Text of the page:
If my family had any dark secrets, they went to the grave with my parents, grandparents, aunts, and uncles. But like all families, we did have a few subjects of which we preferred not to speak save in hushed tones, foremost among them the fate of my Uncle Paul.
Paul ran a service station and, later on, sold used cars. He was a beloved and trusted figure of my boyhood, so much so that I would spend the night with him and Aunt Suzy, my mother’s sister, on the rare occasions when my parents went out of town together. I remember him as a warm, affectionate man who taught me how to sing “You Are My Sunshine” and “How Dry I Am” (a grimly ironic choice of tunes, given what happened to him) and play shuffleboard (he’d painted a court on the floor of his basement). But Paul disappeared from my life in the mid-Sixties, and the only thing my parents told me at the time was that he and Suzy had gotten a divorce, an occurrence that was all but unthinkable among my mother’s people, who were the most devout of small-town churchgoers.
Paul came to our house a couple of years later for a very brief nighttime visit about which I recall nothing but the fact that it took place. If memory serves, my brother and I had already been put to bed when he unexpectedly showed up on the doorstep, and our parents didn’t get us up to see him. A few weeks after that, he was run over by a truck and killed.
My mother then told me that Paul had been an alcoholic, and that he’d stayed away from my brother and me because he didn’t want us to see what had become of him. It was the first time I’d heard the word “alcoholic,” and she had to explain to me what it meant. Suzy, she said, had left him because of his drinking, then came back when he started going to AA meetings. But he couldn’t stay sober, and when she left him again, it was for keeps. My mother said that he’d gotten drunk and wandered into the path of an oncoming truck, and she left me with the impression that she thought he’d done it deliberately.
Paul was the first person to die to whom I was close, and his death left a deep mark on my psyche. I suspect it’s the main reason why I’ve never been much of a drinker. But while my mother always spoke of him with fondness, the other members of the family never mentioned Paul again except when prompted. Some of them, I’m sure, were ashamed of him, for in those days it was widely taken for granted that alcoholism was not a disease but a moral weakness, and those who succumbed to it were viewed with contempt.
So far as I can recall, I’ve never seen a still picture of Paul, but he does appear in two of the home movies that my father shot between 1956 and 1966 and that my brother sent to me last week as a Christmas present. In the first scene, he is standing behind a ladder in the driveway of my grandmother’s home, watching as I climb to the top rung, then taking me in his arms. In the second, he is sitting beside me at my fourth birthday party. The love that we felt for one another is plain to see in both clips.
Seeing Paul after so many years made me wonder whether I might be able to find out anything more about him on the Web. I Googled his name, and this short newspaper piece, originally published in the Cape Girardeau Southeast Missourian in 1958, popped up:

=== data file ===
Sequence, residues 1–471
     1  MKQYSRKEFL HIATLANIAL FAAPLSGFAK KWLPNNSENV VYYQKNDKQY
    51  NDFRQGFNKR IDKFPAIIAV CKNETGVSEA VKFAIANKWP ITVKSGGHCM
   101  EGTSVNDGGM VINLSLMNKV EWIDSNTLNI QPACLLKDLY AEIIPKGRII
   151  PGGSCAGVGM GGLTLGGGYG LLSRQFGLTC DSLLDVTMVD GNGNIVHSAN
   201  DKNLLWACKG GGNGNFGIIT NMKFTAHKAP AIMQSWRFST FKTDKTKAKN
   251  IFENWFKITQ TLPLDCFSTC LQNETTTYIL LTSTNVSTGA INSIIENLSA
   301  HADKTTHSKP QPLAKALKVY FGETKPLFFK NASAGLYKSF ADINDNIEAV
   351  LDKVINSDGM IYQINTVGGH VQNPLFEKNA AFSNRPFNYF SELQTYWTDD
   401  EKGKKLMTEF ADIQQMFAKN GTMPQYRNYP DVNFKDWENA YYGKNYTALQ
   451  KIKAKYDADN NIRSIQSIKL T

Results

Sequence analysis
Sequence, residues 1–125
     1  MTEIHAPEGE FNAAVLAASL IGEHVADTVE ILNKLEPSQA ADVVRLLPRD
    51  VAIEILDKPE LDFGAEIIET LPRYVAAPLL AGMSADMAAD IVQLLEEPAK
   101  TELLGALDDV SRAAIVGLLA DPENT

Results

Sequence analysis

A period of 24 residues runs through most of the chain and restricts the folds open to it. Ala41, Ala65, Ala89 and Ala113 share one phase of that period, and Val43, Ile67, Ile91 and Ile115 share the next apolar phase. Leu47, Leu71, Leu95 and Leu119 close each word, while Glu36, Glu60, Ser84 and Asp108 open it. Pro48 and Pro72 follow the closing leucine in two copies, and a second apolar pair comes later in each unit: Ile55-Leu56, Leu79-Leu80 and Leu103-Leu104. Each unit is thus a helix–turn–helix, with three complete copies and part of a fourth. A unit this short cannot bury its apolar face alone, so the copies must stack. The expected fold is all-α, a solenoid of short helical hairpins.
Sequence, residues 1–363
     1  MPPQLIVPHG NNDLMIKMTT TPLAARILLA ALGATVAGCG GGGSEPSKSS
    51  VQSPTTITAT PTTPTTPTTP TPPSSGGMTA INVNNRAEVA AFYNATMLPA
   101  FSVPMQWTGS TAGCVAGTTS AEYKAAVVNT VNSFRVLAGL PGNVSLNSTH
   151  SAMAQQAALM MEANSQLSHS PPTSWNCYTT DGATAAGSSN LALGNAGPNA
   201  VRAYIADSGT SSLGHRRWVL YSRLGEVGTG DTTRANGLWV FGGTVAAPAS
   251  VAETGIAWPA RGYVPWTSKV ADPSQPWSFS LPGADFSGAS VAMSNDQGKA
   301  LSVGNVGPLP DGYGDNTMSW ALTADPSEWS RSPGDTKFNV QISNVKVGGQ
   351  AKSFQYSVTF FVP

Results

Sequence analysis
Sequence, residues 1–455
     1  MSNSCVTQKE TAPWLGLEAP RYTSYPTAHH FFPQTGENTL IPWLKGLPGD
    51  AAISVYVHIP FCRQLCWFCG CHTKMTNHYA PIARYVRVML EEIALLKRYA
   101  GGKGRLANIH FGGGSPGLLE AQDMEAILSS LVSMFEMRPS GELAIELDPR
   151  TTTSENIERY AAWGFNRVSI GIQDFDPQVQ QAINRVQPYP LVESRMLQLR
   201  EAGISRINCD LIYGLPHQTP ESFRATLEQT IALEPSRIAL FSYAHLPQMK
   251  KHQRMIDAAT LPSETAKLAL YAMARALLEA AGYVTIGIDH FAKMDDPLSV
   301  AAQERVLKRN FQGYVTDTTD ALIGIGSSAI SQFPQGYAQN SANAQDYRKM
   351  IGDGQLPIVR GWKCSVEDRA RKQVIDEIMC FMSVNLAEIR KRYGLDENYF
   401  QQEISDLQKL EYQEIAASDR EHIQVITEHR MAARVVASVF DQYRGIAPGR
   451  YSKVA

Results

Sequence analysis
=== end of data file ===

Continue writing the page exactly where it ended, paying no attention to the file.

Paul Armsby, owner of Paul’s 66 Service Station at 340 S. Sprigg St., has received a $50 award from the Phillips Petroleum Co., for giving perfect driveway service to a Phillips “mystery motorist.” In the picture he is shown at the left receiving the award from D.V. Shaner, district salesman. Others in the picture at the left are station attendants, Don Hency and Richard Gerlach.
Beyond that…nothing. Paul and Suzy had no children, and I don’t know whether any members of his own family are alive. He seems to have been born in Arkansas in 1919 or 1920, but I can find no record of his death, nor was an obituary published in any of the local newspapers. Save for that lone paragraph in the Southeast Missourian, it’s as though he’d never existed. I don’t even know where he’s buried. I greatly regret to say that I made no mention of him in the memoir of my childhood that I published in 1991, mainly because I wanted to spare Suzy’s feelings (she had not yet died when the book came out).
I find it unutterably sad that my Uncle Paul has vanished almost without trace. It puts me in mind of something that H.L. Mencken wrote in 1927:
I have done a great deal less than I wanted to do and a great deal less than I might have done if my equipment had been better, but this, at least, I have accomplished, and it is one of the principal desires of man: I have delivered myself from anonymity.
Like most of the rest of us, Paul failed to deliver himself from anonymity. All that remains of him are two short film clips, a paragraph-long newspaper item, and my clear memory of how much I loved him—and how much it hurt when I finally found out why he disappeared from my life. But I still remember him a half-century later, and I cried when I saw his face on the screen of my laptop the other day. There are worse monuments.
UPDATE: For the rest of Uncle Paul’s story, go here.